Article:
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The Impact of The CARES Act on Employee Benefit Plans: Part One, Retirement Plan Loan and Distribution Rules


April 23, 2020

Read Time

4 minutes


What is the Impact of the CARES Act and COVID-19 Pandemic on Employee Benefit Plans and What Should You Do Now?

PART ONE: Potential changes to retirement plan loan and distribution rules from CARES Act and potential modifications to plan contributions for COVID-19 pandemic.

We recently talked about all of the changes the CARES Act made to employee benefit plan rules. For retirement plans, most of the changes from the CARES Act relate to the loan and distribution rules. In addition, companies are deciding whether to suspend or eliminate company matching or profit-sharing contributions to their 401(k) plan. These changes are optional, but if you plan to implement one or more of them, there are certain steps that need to be taken.

What Should You Do Now?

  • For plans that will allow “coronavirus-related distributions” in 2020, a new distribution code would be needed, so that those distributions are not subject to the 10 percent early distribution penalty tax or the mandatory 20 percent withholding that would otherwise apply. If employers have more than one plan in, procedures are needed so that the amount of such distributions made to any individual does not exceed a total of $100,000. If the plan will allow coronavirus-related distributions to be repaid to the plan, procedures will be needed to treat those as rollover contributions and to limit the amount of such repayments to the amount of coronavirus-related distributions that the employee took from all of the employer plans.
  • If you want to increase the maximum plan loan amounts available under one or more of your retirement plans during 2020, existing plan loan procedures would need to be updated to allow for that increase. If your retirement plans limit how many outstanding loans a participant can have at any time, you may want to increase that limit to allow participants to use the increased loan limits. Permissible one-year delays in loan repayments should be documented (such as updating amortization schedules), so that loans will not go into default. Plans that do not currently allow participant plan loans could also be amended to add them.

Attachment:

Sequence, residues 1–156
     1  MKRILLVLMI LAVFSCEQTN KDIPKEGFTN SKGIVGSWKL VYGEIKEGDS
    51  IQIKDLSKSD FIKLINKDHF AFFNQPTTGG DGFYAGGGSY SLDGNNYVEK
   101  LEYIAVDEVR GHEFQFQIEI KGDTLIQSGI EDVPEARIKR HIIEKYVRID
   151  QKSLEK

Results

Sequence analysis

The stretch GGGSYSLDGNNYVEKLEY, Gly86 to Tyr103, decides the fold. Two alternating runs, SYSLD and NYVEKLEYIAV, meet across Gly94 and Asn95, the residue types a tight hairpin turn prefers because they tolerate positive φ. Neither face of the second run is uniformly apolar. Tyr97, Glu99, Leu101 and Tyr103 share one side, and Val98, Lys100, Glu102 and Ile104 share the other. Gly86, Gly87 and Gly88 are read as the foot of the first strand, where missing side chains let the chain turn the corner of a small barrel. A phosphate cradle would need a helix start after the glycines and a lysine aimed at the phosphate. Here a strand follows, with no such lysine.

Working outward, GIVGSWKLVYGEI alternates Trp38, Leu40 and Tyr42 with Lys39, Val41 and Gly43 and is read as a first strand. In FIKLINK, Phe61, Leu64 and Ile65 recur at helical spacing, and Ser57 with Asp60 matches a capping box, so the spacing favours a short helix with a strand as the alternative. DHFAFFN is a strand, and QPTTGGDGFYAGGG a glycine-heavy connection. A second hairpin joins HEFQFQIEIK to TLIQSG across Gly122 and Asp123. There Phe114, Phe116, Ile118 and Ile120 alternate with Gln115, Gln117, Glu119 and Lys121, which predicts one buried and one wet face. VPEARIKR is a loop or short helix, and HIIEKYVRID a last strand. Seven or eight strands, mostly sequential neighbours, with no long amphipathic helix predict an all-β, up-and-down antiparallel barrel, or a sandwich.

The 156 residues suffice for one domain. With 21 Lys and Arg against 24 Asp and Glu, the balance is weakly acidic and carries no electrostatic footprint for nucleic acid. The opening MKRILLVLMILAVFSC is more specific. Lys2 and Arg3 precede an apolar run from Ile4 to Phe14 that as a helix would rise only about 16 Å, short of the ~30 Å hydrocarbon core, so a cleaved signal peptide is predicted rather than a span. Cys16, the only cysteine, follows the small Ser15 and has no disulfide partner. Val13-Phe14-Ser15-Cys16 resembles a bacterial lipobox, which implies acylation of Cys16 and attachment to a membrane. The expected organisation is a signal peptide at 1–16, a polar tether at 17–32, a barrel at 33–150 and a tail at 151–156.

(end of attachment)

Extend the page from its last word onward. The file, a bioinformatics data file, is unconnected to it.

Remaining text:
• You should review your plan documents to determine whether their plans permit hardship distributions in connection with a federally declared disaster or a plan amendment to permit such distributions is needed.
  • You will need to update their plan operations immediately for the waived 2020 RMD distributions.
  • You should determine whether to suspend or eliminate company matching or profit-sharing contributions to your 401(k) plan. Your ability to make this change depends on plan design. One common design is a safe harbor plan, which requires an annual employer contribution in exchange for being exempt from certain nondiscrimination testing requirements. Generally, safe harbor plan contributions may only be suspended if the employer is operating at an economic loss, or if the annual safe harbor notice contains a provision regarding the employer’s ability to make such a suspension. Safe harbor plans require a 30-day notice to participants prior to making such a change, and a mid-year suspension will subject the plan to ADP and ACP nondiscrimination testing for that year. A plan that is not a safe harbor plan has more flexibility to implement a change to the employer contribution provisions. If the employer contribution is purely discretionary then a plan amendment may not be required.
  • The plan’s definitions of covered compensation should be reviewed to ensure it is aligned with your intent, especially with regard to determining if employee assistance and paid leave will be subject to employees’ deferral elections and employer contributions.
  • You may also want to remind participants that they can change elective deferral amounts at any time in accordance with the plan document and to inform them how to take advantage of any changes in plan operations or procedures due to the CARES Act.
  • In light of the significant market volatility caused by the COVID-19 pandemic, plan fiduciaries should review plan investments and investment policies. Any decision-making should be documented by the plan committee, and fiduciaries should consider working with their plan investment advisors to determine whether any changes to the plan’s investment line-up or investment policy should be implemented. Any changes that were in-process prior to the outbreak may need to be revisited.

Part 2: Effect of Layoffs and Furloughs

Part 3: Health and Welfare Plan Eligibility

Part 4: Analyzing COBRA Coverage Rules and ACA Information Reporting

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